The numbers pop off the page of statistics complied by Falls cops.

Since Christmas Day, police have investigated 31 vehicle break-ins in the South End tourist district. 

"There's no question there's been a spike in larcenies," Falls Police Criminal Investigation Division Detective Lt. John Conti said. "It ebbs and flows, but there's enough of an increase for us to notice."

The break-ins have occurred almost exclusively in the parking lots of tourist district hotels, despite being well outside what is normally considered the tourist season in the Falls. 

"Obviously it's alarming," Conti said. "We're taking steps to try to combat it but it's a quick crime of opportunity."

The detective lieutenant noted that when travelers leave items of value in their vehicles, it attracts thieves who may be passing through the parking lots. That's why some hotels have begun posting warning signs, advising tourists that the properties are not responsible tor valuables left in vehicles.

At the same time, Conti said, patrol officers working in the South End have been spending more time checking the hotel lots and extra patrols, specifically assigned to combating vehicle break-ins, have been working in the district as well. 

"It's not for a lack of effort," Falls Police Superintendent Tom Licata said, when asked about the law enforcement response to the wave of break-ins. "Our guys are out there bustin' their butts and we'll keep working it."

It's not the first time that the tourist district has been targeted by vehicle break-in artists. Conti notes that the thieves frequently believe tourists are easy targets.

"They will target vehicles with out-of-state (license) plates because they believe (those travelers) will be less likely to return to the area (for court appearances) making prosecution more difficult," Conti said.

Conti said his investigators believe that more than one suspect is responsible for the crime wave. Licata says he suspects it's "a handful of people" committing the crimes.

And police have made some arrests. Though the state's new criminal justice reforms have led to the almost immediate release of suspects.

"I appreciate and understand that the purpose of bail is to ensure a person's appearance in court," Licata said. "But (the new rules for the use of bail) has created challenges for us."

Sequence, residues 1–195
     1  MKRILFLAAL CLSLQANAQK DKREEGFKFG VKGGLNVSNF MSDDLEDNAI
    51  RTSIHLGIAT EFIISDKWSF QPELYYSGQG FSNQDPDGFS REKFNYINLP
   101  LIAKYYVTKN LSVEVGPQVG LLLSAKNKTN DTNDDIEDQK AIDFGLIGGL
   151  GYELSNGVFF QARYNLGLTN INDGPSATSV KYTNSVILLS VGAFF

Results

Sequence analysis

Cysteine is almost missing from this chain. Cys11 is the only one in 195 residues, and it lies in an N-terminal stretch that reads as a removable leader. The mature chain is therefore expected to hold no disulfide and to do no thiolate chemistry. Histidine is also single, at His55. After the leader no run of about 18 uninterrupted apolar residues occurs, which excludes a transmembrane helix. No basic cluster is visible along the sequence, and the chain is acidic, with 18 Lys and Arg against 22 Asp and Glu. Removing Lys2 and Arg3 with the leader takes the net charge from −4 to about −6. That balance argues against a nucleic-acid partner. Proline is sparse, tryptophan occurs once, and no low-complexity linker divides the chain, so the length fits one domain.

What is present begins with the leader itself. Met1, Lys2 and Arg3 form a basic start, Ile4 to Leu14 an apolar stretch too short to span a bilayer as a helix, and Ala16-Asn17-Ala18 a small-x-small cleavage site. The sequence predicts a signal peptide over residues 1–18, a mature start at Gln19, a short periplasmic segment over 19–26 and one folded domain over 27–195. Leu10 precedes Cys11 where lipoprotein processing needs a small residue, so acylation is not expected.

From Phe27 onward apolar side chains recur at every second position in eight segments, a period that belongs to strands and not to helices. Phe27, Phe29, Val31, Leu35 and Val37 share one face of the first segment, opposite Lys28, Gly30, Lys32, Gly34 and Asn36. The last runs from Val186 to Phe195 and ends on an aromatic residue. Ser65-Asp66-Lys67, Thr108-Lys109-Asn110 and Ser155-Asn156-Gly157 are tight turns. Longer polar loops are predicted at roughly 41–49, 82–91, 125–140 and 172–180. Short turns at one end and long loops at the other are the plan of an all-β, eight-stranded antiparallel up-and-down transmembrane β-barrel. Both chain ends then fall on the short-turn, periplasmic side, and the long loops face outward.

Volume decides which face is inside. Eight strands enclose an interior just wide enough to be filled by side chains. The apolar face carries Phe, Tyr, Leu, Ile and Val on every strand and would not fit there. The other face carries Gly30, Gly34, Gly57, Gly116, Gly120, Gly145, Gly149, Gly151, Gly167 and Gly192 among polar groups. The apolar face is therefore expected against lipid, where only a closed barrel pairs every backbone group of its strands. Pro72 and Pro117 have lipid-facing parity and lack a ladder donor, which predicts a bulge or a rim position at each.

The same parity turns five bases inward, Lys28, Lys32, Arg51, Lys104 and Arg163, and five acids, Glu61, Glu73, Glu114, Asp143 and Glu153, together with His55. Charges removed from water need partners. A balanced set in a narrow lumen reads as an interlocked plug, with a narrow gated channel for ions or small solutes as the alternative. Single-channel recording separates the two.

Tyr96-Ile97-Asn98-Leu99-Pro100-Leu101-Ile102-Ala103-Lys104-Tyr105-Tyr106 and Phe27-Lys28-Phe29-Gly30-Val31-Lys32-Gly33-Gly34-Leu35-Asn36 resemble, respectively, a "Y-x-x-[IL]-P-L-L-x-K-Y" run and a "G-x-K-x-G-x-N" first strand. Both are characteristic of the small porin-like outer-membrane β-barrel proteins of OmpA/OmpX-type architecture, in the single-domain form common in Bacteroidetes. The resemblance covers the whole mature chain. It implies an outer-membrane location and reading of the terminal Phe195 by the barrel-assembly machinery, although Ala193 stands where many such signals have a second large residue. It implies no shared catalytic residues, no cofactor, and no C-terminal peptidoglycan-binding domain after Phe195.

In one recent case, officers arrested Tywuan Barnes, 38, 1570 Buffalo Ave., rear, and charged him with petit larceny and trespass after they caught him inside a car in a parking lot at the Seneca Niagara Resort & Casino. Barnes was booked on the charges at police headquarters, issued an appearance ticket and released from custody.

Less than 48 hours later, patrol officers found Barnes "walking between cars" in the parking lot of a Third Street hotel. When police attempted to detain him, he ran from them, then fought with officers, injuring one of them, 

Police said Barnes also attempted to throw a shoe at the arresting officer, while he was being booked. He now faces felony charges of assaulting a police officer.

"It has hampered our ability to protect the public," Niagara County District Attorney Caroline Wojtaszek said of some of the criminal justice reforms that went into effect on Jan. 1. "We used to be able to argue the strength of our case to have a suspect held."

Licata said that means police just have to keep catching the thieves.

"We can't change (the reforms) so I'm encouraging my officers to make arrests," the police superintendent said. "And then we're hoping when the judges see how many times we've arrested someone, they take that into consideration when they sentence them."

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